1. "The British are like that, especially the middle class Radio 4 audience: a young snappy, angry person annoys them, and they shout at the radio for him to show some respect and get the spiritual and intellectual equivalent of a haircut. But let the same sentiments exactly, word for word, be uttered in high academic tones, as if by a compound of G. E. Moore, Bertrand Russell and Anthony Quinton, and they will roll onto their tummies and purr."
- Stephen Fry, The Fry Chronicles
5. "The Bloomsbury Group has been characterised as a liberal, pacifist, and at times libertine, intellectual enclave of Cambridge-based privilege. The Cambridge men of the group (Bell, Forster, Fry, Keynes, Strachey, Sydney-Turner) were members of the elite and secret society of Cambridge Apostles. Woolf’s aesthetic understanding, and broader philosophy, were in part shaped by, and at first primarily interpreted in terms of, (male) Bloomsbury’s dominant aesthetic and philosophical preoccupations, rooted in the work of G. E. Moore (a central influence on the Apostles), and culminating in Fry’s and Clive Bell’s differing brands of pioneering aesthetic formalism. ‘The main things which Moore instilled deep into our minds and characters,’ Leonard Woolf recalls, ‘were his peculiar passion for truth, for clarity and common sense, and a passionate belief in certain values.’ Increasing awareness of Woolf’s feminism, however, and of the influence on her work of other women artists, writers and"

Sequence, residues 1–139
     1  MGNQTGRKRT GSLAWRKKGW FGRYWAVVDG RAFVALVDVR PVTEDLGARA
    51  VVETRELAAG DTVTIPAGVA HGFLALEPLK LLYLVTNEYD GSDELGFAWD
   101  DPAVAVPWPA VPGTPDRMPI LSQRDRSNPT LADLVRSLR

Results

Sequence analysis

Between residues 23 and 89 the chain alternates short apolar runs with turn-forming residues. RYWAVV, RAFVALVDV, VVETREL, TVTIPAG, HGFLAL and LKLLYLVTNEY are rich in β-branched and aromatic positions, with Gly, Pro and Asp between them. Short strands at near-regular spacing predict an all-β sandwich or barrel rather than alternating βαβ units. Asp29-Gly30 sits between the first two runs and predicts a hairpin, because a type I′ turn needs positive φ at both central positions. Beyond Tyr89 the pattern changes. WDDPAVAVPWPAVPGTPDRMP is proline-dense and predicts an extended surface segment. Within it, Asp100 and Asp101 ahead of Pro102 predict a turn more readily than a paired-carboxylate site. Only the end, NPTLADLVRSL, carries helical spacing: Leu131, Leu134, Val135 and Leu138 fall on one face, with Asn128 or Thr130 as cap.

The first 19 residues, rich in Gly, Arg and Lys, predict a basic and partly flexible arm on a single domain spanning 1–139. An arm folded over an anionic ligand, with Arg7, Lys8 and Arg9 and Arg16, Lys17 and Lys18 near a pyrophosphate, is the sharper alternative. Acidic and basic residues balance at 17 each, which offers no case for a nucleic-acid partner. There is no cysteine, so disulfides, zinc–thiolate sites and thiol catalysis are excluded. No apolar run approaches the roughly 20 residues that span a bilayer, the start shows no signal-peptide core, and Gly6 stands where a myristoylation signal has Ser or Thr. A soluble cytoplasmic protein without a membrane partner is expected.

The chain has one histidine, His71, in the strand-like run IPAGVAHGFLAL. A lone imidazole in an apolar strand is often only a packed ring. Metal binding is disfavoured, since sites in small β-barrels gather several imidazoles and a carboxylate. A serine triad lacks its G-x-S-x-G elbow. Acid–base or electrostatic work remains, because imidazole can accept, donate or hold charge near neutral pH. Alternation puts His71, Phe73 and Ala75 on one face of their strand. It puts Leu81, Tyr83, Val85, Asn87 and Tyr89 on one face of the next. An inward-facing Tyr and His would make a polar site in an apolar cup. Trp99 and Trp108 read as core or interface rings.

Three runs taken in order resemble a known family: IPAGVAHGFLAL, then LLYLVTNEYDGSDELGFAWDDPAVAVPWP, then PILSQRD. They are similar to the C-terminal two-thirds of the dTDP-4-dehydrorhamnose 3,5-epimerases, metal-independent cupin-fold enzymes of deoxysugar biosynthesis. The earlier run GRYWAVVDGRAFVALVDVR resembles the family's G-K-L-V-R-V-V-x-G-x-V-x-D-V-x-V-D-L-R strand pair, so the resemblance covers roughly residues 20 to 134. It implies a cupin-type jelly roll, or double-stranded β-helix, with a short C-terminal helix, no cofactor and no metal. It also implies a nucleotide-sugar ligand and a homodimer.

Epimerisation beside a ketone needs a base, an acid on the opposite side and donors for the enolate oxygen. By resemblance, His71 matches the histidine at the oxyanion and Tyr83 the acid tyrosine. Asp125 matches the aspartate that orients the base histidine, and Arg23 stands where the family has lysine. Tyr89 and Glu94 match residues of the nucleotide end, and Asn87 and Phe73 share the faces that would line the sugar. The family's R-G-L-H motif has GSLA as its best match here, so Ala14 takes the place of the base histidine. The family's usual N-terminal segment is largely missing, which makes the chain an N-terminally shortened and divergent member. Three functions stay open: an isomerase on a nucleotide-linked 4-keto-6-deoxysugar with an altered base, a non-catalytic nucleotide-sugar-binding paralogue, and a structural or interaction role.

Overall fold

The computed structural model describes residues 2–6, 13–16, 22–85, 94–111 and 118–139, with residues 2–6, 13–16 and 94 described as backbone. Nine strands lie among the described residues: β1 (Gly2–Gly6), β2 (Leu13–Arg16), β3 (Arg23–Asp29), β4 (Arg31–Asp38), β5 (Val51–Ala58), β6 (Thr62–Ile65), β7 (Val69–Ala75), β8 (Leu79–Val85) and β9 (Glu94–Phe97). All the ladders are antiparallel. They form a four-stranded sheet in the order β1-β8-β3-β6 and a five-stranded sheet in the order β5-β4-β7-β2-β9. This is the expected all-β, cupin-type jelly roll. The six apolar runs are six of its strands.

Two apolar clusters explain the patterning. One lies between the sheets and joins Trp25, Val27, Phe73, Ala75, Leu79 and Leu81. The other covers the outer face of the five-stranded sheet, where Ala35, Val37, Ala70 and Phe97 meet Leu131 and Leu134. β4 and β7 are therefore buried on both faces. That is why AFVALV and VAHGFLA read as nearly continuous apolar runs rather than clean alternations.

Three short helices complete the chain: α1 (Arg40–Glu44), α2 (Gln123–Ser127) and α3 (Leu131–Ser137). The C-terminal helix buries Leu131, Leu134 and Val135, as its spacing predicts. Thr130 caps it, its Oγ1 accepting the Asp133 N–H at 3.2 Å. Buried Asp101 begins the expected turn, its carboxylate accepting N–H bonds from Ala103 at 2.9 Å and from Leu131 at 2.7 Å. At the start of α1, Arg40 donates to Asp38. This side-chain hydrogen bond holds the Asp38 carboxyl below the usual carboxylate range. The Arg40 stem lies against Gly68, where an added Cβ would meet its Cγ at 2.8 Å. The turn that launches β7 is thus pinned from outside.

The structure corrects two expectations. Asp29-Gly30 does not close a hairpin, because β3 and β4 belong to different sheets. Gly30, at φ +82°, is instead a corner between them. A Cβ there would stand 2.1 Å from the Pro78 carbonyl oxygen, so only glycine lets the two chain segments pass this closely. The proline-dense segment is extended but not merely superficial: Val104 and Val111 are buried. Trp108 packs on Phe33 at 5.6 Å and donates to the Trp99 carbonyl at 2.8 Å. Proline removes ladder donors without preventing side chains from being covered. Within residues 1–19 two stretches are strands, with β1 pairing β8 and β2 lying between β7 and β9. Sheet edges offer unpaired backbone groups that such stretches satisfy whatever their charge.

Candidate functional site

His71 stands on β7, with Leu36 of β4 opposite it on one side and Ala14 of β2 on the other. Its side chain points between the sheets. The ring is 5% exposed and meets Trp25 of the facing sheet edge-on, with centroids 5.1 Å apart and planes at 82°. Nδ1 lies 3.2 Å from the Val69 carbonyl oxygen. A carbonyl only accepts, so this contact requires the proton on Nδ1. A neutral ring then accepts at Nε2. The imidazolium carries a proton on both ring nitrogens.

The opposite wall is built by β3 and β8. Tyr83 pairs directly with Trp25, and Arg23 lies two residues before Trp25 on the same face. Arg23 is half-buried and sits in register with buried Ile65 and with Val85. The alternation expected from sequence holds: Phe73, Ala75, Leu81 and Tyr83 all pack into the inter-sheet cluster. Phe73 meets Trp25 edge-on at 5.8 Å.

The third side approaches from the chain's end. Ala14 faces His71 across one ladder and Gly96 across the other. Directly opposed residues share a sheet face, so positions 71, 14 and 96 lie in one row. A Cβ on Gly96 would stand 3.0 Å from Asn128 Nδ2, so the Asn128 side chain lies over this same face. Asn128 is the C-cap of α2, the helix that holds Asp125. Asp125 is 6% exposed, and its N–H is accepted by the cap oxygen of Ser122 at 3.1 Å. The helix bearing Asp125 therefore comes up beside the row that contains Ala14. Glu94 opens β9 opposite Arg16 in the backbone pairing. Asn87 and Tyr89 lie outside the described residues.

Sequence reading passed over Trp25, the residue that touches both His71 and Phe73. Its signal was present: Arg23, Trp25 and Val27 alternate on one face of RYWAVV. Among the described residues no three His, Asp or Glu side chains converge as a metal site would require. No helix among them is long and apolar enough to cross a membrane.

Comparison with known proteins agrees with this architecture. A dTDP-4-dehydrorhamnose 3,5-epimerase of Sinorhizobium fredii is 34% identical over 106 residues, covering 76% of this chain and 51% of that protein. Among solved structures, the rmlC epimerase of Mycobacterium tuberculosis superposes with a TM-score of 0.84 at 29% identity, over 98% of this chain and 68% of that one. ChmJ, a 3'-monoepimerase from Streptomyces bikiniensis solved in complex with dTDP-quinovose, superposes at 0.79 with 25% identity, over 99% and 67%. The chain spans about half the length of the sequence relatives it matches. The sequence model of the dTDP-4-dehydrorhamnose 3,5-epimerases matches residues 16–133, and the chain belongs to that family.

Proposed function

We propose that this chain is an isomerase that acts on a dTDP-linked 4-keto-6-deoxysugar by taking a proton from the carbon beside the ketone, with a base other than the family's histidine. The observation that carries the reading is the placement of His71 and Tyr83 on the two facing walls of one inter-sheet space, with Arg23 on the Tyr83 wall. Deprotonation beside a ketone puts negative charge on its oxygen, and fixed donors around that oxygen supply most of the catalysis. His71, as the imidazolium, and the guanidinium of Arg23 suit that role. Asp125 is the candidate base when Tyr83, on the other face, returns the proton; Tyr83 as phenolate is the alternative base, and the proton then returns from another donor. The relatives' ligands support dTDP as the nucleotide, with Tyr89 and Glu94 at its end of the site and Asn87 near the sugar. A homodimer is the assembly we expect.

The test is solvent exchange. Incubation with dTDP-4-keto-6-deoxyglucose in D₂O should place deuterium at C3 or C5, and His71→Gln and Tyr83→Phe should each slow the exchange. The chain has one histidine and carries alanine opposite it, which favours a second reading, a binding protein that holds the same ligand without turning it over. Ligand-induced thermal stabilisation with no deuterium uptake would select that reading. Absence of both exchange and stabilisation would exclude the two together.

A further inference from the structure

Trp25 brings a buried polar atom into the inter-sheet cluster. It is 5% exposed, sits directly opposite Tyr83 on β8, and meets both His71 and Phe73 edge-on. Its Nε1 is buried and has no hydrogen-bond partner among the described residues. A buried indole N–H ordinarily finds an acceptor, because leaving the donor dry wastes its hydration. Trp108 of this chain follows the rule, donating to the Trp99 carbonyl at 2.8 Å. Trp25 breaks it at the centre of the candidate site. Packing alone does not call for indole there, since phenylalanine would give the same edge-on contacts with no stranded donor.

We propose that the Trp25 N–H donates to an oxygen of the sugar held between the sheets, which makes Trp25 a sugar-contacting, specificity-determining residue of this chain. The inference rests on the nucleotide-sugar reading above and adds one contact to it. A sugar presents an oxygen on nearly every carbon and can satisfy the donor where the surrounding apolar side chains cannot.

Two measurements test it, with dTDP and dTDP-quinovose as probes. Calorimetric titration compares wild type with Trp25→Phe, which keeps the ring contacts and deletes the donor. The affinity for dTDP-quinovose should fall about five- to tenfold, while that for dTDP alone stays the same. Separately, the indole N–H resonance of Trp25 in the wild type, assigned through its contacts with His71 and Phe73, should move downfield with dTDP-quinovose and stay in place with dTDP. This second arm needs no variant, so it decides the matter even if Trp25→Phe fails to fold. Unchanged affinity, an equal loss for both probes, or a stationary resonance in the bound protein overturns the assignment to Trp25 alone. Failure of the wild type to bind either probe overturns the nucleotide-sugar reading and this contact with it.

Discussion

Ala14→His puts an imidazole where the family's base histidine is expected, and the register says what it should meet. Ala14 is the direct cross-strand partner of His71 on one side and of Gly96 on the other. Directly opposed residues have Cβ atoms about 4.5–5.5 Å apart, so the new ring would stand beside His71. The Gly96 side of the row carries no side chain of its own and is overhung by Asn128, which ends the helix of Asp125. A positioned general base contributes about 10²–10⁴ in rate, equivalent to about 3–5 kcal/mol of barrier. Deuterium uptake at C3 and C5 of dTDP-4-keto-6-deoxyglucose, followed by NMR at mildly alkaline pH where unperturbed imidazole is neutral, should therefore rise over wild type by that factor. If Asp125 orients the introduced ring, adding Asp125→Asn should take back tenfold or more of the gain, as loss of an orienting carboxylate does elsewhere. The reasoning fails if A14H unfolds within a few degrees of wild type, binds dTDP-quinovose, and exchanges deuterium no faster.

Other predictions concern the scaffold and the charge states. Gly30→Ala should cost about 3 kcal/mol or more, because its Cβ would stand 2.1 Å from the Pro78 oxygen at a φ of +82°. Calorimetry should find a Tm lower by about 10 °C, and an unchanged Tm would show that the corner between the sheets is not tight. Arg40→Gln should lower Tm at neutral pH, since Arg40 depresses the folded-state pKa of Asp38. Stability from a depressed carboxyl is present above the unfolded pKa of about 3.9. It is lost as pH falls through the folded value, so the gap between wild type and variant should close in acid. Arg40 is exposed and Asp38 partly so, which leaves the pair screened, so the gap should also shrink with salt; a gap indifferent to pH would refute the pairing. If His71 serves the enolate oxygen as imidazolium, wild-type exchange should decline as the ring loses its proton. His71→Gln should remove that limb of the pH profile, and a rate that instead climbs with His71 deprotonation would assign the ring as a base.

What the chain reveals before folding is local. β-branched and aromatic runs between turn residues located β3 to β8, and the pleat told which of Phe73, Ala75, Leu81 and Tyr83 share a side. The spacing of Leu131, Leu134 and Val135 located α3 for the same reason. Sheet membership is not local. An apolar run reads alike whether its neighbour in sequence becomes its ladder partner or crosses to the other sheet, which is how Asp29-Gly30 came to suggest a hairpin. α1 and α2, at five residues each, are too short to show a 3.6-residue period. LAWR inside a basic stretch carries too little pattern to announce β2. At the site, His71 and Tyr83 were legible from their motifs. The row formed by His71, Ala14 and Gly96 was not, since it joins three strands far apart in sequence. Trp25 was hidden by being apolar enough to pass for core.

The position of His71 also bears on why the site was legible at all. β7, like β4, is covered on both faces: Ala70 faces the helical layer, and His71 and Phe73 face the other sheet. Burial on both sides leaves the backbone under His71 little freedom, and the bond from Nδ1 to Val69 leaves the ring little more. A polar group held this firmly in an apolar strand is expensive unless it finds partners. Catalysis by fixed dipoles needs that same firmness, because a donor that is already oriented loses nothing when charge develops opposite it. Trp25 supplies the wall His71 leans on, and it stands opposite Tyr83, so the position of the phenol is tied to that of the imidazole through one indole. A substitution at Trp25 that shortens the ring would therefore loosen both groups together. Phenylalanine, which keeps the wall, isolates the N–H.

- Jane Goldman, The Cambridge Introduction to Virginia Woolf
6. "Your Life our your lupines!" Dennis Moore"
- Quote by Graham Chapman
8. "Conflict, acted out openly and publicly, was a male mode of social interaction—the foundation for patriarchal society which brought with it the usual litany of dreadful things. Regardless, Randy decided to get patriarchal with Dr. G. E. B. Kivistik."
- Neal Stephenson, Cryptonomicon
9. "good examples of platform-aware work in Alexander Galloway’s Protocol: How Control Exists after Decentralization, Steven E. Jones’s The Meaning of Video Games, and Matthew G. Kirschenbaum’s Mechanisms: New Media and the Forensic Imagination."
- Nick Montfort, Racing the Beam: The Atari Video Computer System